Paleolithic Finger Flutings

Paleolithic Finger Flutings

Chamber A1 of Rouffignac Cave

Companion Card


Scientists have uncovered evidence that prehistoric children used to "finger paint" on cave walls, much the same way that children experiment with paint today. The evidence suggests that children as young as 2-years-old participated in the finger flutings. The flutings pictured above are specific to a 5-year-old girl. Her flutings are found in many different places in the cave, some being high up on walls.

Writing Prompts

How do you think children first thought to draw on a cave wall?

If you lived thousands of years ago, why would you want to paint on a cave wall?

Lesson Idea

Content Objective: Students will create an artwork based on the drawings in Rouffignac Cave.

Language Objective: Students will discuss with their peers the finger flutings found in Rouffignac Cave.

Key Vocabulary: Rouffignac, finger flutings

TEKS: (4.3) - Historical/Cultural Heritage. The student demonstrates and understanding of art history and culture as records of human achievement. The students is expected to:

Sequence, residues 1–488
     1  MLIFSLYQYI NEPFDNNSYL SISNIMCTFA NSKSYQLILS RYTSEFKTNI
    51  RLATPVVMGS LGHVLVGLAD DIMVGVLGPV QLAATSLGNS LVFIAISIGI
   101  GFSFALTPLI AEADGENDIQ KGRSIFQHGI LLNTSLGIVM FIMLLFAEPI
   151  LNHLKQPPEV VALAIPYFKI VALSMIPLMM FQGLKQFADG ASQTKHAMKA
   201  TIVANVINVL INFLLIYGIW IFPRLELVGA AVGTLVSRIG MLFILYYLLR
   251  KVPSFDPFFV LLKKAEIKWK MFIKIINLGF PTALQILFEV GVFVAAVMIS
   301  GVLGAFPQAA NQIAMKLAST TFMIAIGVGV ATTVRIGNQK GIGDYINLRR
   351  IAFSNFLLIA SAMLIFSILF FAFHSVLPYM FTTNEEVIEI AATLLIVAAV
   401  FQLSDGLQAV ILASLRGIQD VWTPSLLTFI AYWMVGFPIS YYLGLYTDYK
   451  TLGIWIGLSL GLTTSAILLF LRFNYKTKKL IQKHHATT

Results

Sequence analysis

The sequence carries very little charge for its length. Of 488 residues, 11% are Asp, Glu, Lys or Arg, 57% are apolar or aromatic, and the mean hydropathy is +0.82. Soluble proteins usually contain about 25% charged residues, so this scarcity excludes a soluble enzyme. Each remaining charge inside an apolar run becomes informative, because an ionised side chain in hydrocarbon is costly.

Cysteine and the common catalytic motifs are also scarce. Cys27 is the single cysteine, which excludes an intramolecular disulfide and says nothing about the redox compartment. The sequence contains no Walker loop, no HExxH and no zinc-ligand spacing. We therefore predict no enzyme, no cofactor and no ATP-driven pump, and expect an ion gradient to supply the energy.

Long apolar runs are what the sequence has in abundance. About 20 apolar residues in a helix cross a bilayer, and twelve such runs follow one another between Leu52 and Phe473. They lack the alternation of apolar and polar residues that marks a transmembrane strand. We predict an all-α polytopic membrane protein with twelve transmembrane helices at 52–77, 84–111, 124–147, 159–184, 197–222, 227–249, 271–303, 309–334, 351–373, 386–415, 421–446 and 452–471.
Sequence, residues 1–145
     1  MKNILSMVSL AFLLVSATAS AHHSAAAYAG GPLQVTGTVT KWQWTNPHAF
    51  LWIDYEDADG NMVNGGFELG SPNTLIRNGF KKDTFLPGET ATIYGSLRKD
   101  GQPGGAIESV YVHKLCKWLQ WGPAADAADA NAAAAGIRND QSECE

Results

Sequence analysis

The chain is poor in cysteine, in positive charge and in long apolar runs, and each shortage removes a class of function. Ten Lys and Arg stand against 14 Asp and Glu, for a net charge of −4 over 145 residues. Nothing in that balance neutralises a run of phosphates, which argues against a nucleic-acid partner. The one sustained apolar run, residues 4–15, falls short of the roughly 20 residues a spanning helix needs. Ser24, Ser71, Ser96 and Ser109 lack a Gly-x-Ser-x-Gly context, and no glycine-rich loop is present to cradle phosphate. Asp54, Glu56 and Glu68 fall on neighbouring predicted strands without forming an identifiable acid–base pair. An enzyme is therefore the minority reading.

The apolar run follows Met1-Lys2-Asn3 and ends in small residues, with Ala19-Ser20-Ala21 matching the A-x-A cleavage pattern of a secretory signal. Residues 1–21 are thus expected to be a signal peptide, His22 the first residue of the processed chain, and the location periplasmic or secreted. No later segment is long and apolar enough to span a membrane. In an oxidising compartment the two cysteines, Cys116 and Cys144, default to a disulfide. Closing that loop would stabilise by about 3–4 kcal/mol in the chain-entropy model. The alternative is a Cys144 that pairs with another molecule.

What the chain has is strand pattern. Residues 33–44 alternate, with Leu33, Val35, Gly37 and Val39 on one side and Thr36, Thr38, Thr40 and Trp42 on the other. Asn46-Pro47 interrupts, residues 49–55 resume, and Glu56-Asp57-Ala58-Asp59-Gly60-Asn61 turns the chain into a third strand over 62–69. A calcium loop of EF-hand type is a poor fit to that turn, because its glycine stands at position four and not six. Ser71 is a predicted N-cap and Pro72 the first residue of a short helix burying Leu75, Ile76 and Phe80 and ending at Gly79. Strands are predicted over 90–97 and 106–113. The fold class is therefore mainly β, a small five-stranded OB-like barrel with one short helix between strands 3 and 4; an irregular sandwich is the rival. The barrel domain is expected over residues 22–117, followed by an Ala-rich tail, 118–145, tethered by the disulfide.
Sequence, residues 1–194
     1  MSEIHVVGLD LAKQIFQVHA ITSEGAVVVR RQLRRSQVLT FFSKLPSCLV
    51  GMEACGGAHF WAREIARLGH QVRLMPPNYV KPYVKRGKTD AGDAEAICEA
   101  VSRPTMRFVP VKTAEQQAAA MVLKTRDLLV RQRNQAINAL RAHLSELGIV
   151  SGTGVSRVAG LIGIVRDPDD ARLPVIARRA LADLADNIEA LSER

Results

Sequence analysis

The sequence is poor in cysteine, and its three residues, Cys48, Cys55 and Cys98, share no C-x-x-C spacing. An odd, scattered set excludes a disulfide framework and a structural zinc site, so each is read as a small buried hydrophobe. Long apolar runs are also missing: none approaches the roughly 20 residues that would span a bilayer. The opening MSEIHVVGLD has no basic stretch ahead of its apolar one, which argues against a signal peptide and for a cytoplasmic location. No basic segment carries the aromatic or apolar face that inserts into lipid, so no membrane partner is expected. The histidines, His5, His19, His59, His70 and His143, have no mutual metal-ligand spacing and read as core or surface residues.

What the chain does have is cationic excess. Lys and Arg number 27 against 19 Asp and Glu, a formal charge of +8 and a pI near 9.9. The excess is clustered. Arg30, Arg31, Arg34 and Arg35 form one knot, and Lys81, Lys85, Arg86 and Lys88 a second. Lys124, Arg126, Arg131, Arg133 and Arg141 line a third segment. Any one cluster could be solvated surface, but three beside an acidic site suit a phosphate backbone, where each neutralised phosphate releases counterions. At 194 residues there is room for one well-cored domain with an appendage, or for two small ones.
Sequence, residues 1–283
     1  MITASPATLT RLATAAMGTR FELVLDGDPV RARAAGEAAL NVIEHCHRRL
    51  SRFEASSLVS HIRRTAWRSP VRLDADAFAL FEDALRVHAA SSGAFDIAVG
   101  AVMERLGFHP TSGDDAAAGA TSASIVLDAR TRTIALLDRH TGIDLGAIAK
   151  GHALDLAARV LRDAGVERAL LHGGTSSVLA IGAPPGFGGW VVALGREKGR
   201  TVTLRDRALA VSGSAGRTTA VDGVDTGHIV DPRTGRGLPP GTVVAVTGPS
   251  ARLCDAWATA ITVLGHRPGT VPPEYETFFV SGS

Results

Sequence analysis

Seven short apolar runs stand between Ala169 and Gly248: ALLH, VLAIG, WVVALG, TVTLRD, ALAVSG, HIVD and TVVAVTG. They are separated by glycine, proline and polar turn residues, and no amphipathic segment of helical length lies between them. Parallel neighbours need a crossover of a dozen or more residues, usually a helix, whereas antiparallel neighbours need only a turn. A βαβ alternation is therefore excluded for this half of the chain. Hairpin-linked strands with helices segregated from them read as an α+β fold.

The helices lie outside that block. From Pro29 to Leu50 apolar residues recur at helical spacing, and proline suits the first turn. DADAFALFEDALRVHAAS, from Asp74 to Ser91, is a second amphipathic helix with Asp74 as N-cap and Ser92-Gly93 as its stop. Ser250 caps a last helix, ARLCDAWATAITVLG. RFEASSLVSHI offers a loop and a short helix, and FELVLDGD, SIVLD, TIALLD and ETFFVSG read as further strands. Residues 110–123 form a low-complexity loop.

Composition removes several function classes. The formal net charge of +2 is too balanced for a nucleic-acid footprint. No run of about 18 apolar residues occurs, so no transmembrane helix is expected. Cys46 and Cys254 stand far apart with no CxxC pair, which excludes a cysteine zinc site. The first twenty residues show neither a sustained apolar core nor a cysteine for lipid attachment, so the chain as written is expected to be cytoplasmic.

(a) identify simple main ideas expressed in art

National Standard: 3. Content Standard: Understanding and applying media, techniques, and processes

Achievement Standard: The Student:

d. use art materials and tools in a safe and responsible manner

Procedure: Start by reading The First Drawing, by Mordicai Gerstein. Talk to the students about the cave drawings that are thought to be made by children. Give each students a piece of brown construction paper. Have them crumple it up into a ball and then unfold it so that it resembles a cave wall. Tell students that they will be using chalk to create their cave drawings. They need to think about something that is important to them that they want to record on their piece of wall. There are also some variations that you can include in the project to make it more interesting.

1. Have students tape their paper under their desk or on wall so that they are closer to actually drawing on a cave wall.

2. Have students divided up into tables or groups and just give them a few pieces of chalk. Tell students that each table is a different cave, and they are different tribes of cave men. The "resources" they have or (chalk) is dependent on how resourceful their tribe is. If chalk falls on the floor, it is free game and other cavemen can "steal" it. They can also trade resources if they want to, or "hunt" for other ones in places around the room. I did this with my students, and they really got into being cavemen.


Gerstein, M. (2013). The First Drawing. New York, NY: Little, Brown and Company.